* The Federal Government has temporarily reduced this minimum to 2% for the 2019/20, 2020/21, 2021/22, and 2022/23 financial years.

Once you meet a full condition of release (such as turning age 65 or retiring), your account-based pension will become fully commutable allowing you to take withdrawals and any amount of pension income above your age-based minimum.

Taxation of your pension income

When you commence an account-based pension the balance is split into a taxable component and a tax-free component. This is based on the split that was in your superannuation account just before you commenced the pension.

All future pension payments, lump sums* and death benefits are split in the same proportions. For example, if your account balance at commencement consisted of $80,000 taxable and $20,000 tax-free, then 80% of all pension payments, lump sum withdrawals and your final death benefit would be taxable component. * As indicated earlier, you cannot make lump sum withdrawals from a TTR pension.

Whilst you are under age 60, the taxable component of your pension income is included in your assessable income with a 15% tax offset to help reduce your tax if you are over preservation age. But once you turn age 60, all pension income is tax free.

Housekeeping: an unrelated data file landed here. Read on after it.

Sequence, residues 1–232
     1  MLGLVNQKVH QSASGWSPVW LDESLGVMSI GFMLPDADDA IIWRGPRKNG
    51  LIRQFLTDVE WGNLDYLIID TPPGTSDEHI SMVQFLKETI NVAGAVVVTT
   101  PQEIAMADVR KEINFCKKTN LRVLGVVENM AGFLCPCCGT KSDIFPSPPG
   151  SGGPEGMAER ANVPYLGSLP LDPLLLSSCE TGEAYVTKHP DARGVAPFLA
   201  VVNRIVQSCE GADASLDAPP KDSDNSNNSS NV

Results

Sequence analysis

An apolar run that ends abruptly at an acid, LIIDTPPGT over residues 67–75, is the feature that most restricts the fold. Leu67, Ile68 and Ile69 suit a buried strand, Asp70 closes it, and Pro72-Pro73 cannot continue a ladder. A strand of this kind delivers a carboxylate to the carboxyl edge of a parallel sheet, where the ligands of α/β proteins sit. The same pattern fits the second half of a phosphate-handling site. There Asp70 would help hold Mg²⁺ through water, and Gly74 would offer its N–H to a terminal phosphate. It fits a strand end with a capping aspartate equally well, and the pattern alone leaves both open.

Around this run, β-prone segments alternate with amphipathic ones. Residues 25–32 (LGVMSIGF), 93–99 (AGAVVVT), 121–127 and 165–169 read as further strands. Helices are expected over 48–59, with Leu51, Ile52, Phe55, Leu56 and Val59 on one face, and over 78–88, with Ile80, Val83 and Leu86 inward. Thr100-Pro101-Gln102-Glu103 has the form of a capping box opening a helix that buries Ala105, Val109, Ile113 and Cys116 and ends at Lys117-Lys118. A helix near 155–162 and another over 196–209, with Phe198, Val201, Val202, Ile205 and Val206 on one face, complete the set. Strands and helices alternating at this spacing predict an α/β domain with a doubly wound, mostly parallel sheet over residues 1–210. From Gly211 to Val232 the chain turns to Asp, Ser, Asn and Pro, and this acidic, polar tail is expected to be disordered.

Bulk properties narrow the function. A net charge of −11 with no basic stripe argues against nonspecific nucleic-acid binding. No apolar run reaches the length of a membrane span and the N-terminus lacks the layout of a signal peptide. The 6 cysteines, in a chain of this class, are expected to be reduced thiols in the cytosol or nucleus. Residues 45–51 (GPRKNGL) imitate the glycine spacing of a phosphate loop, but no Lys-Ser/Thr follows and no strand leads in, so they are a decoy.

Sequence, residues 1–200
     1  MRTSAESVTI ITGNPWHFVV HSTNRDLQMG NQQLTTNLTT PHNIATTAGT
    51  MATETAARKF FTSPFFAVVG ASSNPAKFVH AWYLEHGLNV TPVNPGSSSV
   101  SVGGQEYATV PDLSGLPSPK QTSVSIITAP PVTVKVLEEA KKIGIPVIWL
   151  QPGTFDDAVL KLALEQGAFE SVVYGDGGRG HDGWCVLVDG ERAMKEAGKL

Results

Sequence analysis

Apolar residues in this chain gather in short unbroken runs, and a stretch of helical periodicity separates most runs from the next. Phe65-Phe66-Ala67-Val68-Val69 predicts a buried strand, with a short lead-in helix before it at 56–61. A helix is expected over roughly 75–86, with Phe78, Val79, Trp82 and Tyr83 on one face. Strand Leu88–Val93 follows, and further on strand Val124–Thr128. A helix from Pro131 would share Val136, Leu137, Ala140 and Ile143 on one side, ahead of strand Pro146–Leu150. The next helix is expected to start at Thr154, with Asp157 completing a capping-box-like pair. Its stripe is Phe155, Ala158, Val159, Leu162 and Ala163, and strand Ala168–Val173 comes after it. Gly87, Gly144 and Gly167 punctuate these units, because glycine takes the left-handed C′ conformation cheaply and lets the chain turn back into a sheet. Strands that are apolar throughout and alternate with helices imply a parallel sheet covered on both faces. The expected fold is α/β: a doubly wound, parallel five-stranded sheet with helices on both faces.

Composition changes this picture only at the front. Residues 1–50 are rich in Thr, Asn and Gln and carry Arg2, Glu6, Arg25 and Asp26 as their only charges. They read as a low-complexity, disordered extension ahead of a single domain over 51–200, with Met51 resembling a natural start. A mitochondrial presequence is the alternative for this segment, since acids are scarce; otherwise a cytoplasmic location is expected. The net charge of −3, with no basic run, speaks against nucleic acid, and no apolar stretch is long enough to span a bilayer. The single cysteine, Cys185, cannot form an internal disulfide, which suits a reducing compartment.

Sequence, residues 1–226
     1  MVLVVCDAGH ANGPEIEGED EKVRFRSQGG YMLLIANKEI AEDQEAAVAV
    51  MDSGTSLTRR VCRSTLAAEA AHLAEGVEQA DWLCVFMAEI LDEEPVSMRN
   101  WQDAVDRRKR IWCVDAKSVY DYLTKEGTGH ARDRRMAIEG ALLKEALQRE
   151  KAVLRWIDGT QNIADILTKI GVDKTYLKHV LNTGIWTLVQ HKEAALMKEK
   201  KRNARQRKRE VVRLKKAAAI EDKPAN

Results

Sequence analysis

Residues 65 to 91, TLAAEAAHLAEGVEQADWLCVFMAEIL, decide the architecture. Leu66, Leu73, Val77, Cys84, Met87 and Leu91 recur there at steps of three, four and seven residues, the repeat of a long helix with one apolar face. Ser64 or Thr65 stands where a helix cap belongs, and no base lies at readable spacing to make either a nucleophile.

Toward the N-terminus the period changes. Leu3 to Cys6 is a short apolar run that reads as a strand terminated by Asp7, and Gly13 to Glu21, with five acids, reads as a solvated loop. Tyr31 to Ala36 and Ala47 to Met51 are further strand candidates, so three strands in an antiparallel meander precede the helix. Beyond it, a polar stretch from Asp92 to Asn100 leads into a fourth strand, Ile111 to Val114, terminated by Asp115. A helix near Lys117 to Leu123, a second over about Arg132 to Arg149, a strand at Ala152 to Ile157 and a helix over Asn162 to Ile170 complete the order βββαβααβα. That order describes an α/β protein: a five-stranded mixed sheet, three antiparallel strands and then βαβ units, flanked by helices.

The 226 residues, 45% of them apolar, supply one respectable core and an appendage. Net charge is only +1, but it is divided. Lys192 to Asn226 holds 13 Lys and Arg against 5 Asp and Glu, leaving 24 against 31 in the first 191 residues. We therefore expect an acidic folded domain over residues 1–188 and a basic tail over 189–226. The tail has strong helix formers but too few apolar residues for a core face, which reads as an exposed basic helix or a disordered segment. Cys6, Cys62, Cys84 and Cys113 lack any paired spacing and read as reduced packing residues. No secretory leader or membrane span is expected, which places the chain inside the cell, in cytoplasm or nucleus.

If either you or your spouse receives a means-tested payment from Centrelink/Veterans’ Affairs the account-based pension is assessed under deeming rules unless it was commenced before 1 January 2015. In some cases, pensions commenced before that date may be assessed under potentially more favourable deductible amount rules.

The account balance of an account-based pension counts as an assessable asset.


· Accessing your super now reduces your available funds at retirement unless you top this up with a salary sacrifice arrangement and/or personal deductible contributions.

· Your account-based pension is not guaranteed, and pension payments can only be made while there are funds in your account. There is a risk that your pension income may cease (or reduce) if you draw your income too fast or if investment returns are poor.

· If you have made personal superannuation contributions in the current year for which you wish to claim a tax deduction, you must lodge a notice of deductibility form with your superannuation fund (and wait for confirmation that they have received the notice) prior to rolling over to start an account-based pension.

· In the financial year that you either start or stop your account-based pension the minimum pension required for that financial year is pro-rated. If the pension is commenced in June, you do not need to take any income in that financial year.

· If you are a Centrelink/DVA customer, you are required to notify Centrelink/DVA within 14 days about the commencement of the pension as it may affect your payment or any significant changes to the account-balance.

· Fees may be charged for the balance rolled over to start an account-based pension. You should check the details in the fee section of your Statement of Advice and the Product Disclosure Statement (PDS) for your fund.